On May 25, 1908, the Opera House in Buenos Aires, “Teatro Colon,” opened its doors in its current location. This monumental and majestic theater required three different architects and the most refined woods, marble, tile, etc. from Spain, France, and Italy, as well as other countries, for its construction. Luciano Pavarotti would say about the Teatro Colon that it is one of the most difficult theaters in which to perform. Why? Because its exquisite acoustics are so perfect that any errors could be clearly heard.
This past March I had the pleasure of co-leading a delegation from Denver and LA on a Jewish Heritage trip to Buenos Aires. While on our tour of the Teatro Colon, the guide talked about the process of restoration the building had undergone in recent years. With a gentle smile on her face, she pointed at a square on a wall in one of the rooms where we had stopped, and then said, “This was left here to show the arduous work of restoration that took place. This panel shows the wall the way it was before the restoration started.” The panel on the wall showed years of deterioration due to smoke and other pollutants. I searched in her smile to understand the full meaning behind her sense of pride: It wasn’t just about showing the final result of a job well done; it was about the process. Being able to appreciate what the building was and what it is now, without covering its past completely, was the perfect way to understand the true meaning and the full story of the Opera House.
The memory of this tour of the Teatro Colon became more meaningful a few weeks ago as I sat with family, friends and community for the Passover Seder, my first as an American citizen. The magid section came around, and we prepared to tell the story, not only of our ancestors who escaped slavery thousands of years ago, but also our personal stories, and those of our parents, grandparents, and great grandparents. Who are you and where do you come from? What is your story? Although we each have one that is rich and dense, I wondered what makes it into the “official” version of the story of our lives, and what we leave out. I became aware of the fact that, often, there is a particular version that we tell others, and, eventually, we repeat to ourselves. I began to fear that each of our stories, my story, becomes too clean and sterile, too diluted, and begin to lack meaning, as we often (unlike the Teatro Colon) erase the marks of what was there before in the process of highlighting who we are today. And so, I wonder, are there ways to access that which we have left out of our official stories, to infuse them with meaning, authenticity, truth, and a sense of pride?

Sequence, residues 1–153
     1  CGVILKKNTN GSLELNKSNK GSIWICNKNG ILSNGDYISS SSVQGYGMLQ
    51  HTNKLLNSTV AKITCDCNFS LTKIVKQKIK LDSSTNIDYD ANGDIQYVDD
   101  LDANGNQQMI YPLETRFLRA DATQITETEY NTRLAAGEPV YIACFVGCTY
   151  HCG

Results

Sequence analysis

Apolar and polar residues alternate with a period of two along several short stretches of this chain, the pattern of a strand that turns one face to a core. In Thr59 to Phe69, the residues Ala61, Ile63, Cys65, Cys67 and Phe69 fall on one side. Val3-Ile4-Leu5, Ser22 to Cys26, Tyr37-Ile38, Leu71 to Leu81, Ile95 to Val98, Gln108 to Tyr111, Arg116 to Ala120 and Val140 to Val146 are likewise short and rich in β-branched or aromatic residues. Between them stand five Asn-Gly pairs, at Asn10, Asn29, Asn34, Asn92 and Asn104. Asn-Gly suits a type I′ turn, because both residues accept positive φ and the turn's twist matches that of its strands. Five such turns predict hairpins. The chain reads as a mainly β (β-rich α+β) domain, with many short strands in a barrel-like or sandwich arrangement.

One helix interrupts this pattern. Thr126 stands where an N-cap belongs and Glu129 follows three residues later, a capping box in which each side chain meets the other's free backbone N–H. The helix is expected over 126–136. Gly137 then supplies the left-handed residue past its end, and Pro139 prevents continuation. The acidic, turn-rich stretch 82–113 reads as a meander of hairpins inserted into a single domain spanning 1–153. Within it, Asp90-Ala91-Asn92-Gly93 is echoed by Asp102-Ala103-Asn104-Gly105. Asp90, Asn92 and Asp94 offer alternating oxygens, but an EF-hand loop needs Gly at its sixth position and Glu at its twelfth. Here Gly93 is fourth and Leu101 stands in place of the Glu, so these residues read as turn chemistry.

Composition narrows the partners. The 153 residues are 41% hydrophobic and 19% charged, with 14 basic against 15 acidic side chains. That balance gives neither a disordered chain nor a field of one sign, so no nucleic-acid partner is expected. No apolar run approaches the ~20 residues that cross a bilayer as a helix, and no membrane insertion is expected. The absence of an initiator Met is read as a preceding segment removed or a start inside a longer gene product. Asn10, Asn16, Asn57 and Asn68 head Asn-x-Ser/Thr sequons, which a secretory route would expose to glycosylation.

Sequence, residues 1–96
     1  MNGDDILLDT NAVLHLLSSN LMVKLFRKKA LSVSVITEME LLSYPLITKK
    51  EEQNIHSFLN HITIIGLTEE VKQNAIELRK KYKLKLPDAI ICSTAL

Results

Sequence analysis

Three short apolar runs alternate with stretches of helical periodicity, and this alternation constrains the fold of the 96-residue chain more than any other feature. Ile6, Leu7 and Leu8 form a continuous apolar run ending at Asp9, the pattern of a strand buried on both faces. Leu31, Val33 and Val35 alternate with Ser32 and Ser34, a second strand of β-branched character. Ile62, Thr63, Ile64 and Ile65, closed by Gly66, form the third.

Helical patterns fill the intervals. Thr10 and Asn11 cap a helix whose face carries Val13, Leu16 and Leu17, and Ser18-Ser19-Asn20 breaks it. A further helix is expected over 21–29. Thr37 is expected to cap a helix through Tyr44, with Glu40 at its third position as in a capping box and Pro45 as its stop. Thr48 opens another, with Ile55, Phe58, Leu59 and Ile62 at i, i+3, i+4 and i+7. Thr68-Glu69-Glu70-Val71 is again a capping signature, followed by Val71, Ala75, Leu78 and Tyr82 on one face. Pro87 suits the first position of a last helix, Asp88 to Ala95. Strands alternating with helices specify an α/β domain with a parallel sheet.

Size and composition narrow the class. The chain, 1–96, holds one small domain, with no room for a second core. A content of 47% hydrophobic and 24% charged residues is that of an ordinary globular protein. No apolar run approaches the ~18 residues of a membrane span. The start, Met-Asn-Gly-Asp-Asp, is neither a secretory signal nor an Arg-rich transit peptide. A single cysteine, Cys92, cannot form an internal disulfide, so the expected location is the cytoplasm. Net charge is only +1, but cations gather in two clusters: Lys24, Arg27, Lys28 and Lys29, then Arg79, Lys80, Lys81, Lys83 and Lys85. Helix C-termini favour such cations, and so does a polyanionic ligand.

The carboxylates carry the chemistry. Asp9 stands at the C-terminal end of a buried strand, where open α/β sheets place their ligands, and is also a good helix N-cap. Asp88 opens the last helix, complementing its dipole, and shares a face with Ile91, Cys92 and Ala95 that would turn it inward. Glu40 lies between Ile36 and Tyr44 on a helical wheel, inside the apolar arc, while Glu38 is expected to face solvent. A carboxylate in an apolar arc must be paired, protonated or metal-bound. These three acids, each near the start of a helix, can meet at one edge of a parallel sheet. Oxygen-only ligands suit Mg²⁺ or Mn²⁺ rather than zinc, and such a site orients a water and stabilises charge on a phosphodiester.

I believe one way to do this is through traveling. Here are four things that I have left out of my official story, but that I was reminded of while traveling throughout Buenos Aires this past March:
- Buenos Aires was created to be “the Paris of South America.” There is beauty and history in every building, in every square, in every school, in every park.
- The best doctors in Buenos Aires, in addition to their private practices, see patients or coordinate special labs and research initiatives in public hospitals (Argentina provides free basic health care to everyone). Why? Because it gives them a higher status. You heard that well! Working at a public hospital gives doctors a name and a reputation that they wouldn’t have if they were to only practice in the private sector. I’m extremely proud of this.
- A visit to the Metropolitan Cathedral located in the Mayo Square in the city reveals a holocaust memorial. This unique memorial contains sheets from prayer books, megillot, etc. rescued from the ruins of the Treblinka and Auschwitz concentration camps as well as the Warsaw ghetto.
- Lastly, Friday evening services at synagogues in Buenos Aires are still my absolute favorite! The music and the sense of community of all ages truly coming together is contagious to all attending, even if it’s their first time there! The contagious warmth, the uplifting melodies, the informal and accessible style of the prayer leaders make it a truly unique experience.
I hope Jews around the world, like my friends from Denver and LA, will continue to have the courage and determination to go out of their comfort zones, to travel, meet other people, and re-discover people they already know in their home countries. Thanks to them and our experience together, I was able to fill in some of the pieces of the puzzle of my personal magid and create a more authentic version of my personal story.
Let us truly be able to gather again for our Seder in years to come, ask the right questions, and tell the most vivid truthful and enduring stories of both our ancestors and ourselves!
About the Author: Cantor Sheila Nesis and her family live in Denver, Colorado, where she serves Temple Sinai. Born and raised in Buenos Aires, Argentina, she moved to the US in 2007 and served Temple Israel of New York City, as well as congregations in the Phoenix and Scottsdale area before relocating to Denver.